|But I have to admit I'm not crazy about this look.|
My friend and colleague (and excellent pastor) Mike and I have a congenial ongoing disagreement regarding the appropriateness of permanent large video screens in worship spaces. My position is that the screens (on which are projected hymns, liturgy, etc.) are simply the hymn-book of the twenty-first century – tools for worship that are value-neutral as regards piety or the content of the worship. (Also, I argue, no church would be built today without them.) Although I don’t claim to speak for Mike (Mike?), I understand his anti- argument to be that the screens detract from the solemnity and focus of worship, and are more of an architectural intrusion than they’re worth in what would otherwise be a place of contemplative beauty (especially in an older sanctuary in which they would have to be retro-fitted).*
Although I continue to maintain my basic argument, a recent worship experience gave me pause. Participating as a worshiping member of the congregation in a church with screens, it occurred to me that this set-up allows for only one posture: upright. This is fine for joining in a song of praise, but is restrictive if the liturgy calls for a confession, prayer of lament, or even a doleful Lenten hymn. Restrictive in the sense that at such times the body (at least my body) is naturally and spiritually inclined to bow the head or the knee. This is why I have decided that my first preference is for another relatively new worship practice: Printing the entire service—hymns, scripture, liturgy—in the bulletin. Not only is this welcoming to the visitor, it allows for a variety of postures. I suppose many churches have the practice of doing both: the screen and the bulletin. If I had to choose one, however, I’d go with the full-service bulletin. So I can bow my head and still see the words.
And there are times when one is bowing the head but should be looking up. Attending a conference in Chicago recently, I was walking through the lobby of our hotel, mid-morning, and I noticed that everyone—I mean everyone (including me)—was bent over a screen. People of all ages. Some (like me) were walking along and consulting a smartphone screen, some were at a lobby table working on a laptop, some sitting in the cushy chairs looking at an iPad. The desk clerks, of course, on their computers. At the moment-in-time I took this stroll, I’d say fourteen or fifteen people. Everyone.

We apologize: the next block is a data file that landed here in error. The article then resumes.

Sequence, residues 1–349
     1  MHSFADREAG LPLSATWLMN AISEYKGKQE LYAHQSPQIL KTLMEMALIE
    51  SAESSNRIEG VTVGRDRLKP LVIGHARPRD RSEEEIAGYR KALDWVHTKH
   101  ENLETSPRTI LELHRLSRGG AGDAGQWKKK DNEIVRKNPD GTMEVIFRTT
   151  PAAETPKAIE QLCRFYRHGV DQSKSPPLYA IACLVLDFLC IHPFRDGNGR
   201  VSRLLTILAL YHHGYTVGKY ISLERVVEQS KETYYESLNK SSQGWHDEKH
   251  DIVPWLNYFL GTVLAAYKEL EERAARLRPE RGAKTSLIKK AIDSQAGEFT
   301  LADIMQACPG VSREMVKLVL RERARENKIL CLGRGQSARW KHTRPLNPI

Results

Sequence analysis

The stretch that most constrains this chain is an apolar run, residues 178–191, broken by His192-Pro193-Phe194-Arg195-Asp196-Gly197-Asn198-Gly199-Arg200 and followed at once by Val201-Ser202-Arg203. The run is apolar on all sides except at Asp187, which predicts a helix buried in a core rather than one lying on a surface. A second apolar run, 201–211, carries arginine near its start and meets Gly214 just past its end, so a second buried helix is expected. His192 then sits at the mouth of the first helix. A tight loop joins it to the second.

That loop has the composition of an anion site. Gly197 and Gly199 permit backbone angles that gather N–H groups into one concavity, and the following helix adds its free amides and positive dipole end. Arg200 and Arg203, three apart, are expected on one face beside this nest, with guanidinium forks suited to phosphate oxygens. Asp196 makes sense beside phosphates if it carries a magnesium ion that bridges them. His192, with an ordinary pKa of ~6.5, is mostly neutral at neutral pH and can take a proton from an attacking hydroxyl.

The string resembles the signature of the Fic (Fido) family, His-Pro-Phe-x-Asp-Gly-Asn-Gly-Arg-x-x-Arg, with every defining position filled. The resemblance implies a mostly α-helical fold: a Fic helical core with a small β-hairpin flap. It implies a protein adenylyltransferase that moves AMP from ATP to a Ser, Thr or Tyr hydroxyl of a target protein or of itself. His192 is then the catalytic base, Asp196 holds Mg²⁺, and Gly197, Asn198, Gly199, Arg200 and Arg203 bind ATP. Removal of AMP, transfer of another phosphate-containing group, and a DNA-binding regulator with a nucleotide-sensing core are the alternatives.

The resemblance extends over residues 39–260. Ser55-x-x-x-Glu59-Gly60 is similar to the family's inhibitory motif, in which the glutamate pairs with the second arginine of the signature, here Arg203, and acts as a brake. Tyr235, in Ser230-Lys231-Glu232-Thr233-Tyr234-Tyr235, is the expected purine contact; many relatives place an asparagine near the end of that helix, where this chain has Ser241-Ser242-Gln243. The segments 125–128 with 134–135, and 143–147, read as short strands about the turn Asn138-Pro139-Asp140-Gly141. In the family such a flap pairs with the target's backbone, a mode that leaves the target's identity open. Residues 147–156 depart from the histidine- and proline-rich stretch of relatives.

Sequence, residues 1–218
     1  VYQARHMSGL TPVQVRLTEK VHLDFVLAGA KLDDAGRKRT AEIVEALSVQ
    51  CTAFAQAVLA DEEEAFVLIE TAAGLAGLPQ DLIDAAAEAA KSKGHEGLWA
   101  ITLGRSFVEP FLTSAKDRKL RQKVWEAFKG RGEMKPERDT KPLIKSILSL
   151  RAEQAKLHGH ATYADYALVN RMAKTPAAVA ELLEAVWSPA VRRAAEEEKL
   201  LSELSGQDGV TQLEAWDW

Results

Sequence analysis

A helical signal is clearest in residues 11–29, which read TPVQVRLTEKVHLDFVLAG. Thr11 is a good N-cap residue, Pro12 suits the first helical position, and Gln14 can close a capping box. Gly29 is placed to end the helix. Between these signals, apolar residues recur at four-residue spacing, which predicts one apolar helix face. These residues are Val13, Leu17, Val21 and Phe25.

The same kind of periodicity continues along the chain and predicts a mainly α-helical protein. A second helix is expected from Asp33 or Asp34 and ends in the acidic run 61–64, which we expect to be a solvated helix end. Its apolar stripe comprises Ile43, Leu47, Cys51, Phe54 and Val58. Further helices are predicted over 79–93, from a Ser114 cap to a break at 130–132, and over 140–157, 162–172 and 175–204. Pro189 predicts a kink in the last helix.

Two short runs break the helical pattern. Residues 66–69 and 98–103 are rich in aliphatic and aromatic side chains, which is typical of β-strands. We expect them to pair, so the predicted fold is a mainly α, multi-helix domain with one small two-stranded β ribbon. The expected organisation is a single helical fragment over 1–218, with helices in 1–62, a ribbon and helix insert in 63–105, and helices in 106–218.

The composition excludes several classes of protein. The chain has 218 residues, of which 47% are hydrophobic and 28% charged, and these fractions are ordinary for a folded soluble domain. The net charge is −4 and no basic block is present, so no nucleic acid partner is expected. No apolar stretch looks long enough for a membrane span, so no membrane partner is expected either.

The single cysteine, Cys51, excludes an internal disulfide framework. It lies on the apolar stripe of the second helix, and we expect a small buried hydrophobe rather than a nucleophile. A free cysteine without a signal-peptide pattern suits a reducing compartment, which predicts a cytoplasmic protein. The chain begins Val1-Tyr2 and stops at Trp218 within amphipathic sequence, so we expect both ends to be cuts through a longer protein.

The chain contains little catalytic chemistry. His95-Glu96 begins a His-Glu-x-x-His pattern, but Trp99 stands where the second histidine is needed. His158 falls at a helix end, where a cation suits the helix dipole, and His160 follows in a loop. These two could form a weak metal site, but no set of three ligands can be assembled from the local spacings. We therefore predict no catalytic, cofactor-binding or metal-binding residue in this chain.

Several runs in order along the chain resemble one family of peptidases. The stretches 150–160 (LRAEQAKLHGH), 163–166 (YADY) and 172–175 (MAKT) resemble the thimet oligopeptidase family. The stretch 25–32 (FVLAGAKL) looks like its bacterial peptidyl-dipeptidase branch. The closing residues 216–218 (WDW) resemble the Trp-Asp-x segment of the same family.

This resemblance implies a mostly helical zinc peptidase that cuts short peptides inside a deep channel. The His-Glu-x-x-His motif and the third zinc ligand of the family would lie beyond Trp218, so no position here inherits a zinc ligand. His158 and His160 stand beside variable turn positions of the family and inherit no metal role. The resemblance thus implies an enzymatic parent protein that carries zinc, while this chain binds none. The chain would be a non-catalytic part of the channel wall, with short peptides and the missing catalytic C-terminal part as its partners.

We live on a fairly busy thoroughfare. People of all ages walk or run past our house. A mere glance out the window at a passing figure always—always—reveals the bent-down-head silhouette of the screen-user. Then I turn back to my iPhone and log in my latest move in the Scrabble game I’m playing with my friend in Texas.
I hope it’s clear that this is not a finger-pointing rant, but rather a confessional and societal observation. The old cartoon staple of the newspaper-reading husband listening with half an ear, mumbling, “Uh-huh…” to his wife’s comments has been multiplied and miniaturized. I was that cartoon husband. I finally learned (with some, uh, encouragement), that I needed to physically lower the paper and look Caryl in the eye and participate in the human interaction of conversation. I have similarly changed my lowdown ways and now physically turn away from the computer screen if someone walks in to talk.
Certainly I am not the first person to notice that if I take the bent-head smartphone posture and remove the phone, I’m gazing straight at my navel.
In third grade we actually had a unit on “telephone etiquette.” I am optimistic that as we emerge from the infancy of the digital age into some kind of maturity, we will routinely teach the eye-to-eye lessons of screen etiquette to our kids, and ourselves. Our brave new world gives a cogent (and literal) new meaning to John Updike’s profound and challenging line, “We are all so terribly alone, but it’s important that we keep making signals through the glass.”
*Another topic is the abuse of screens in worship: Cute butterfly pictures; the speaker reading, badly, words that you can read better by yourself, etc. Screen or no screen, give me a skilled talking head in a pulpit anytime.
I am also curious about why a person curled up in a chair with a tattered crossword puzzle book seems somehow less off-putting than the same person in the same chair doing a crossword on a device. Do you agree?
Since publishing this post, I came across this related article in the Christian Century.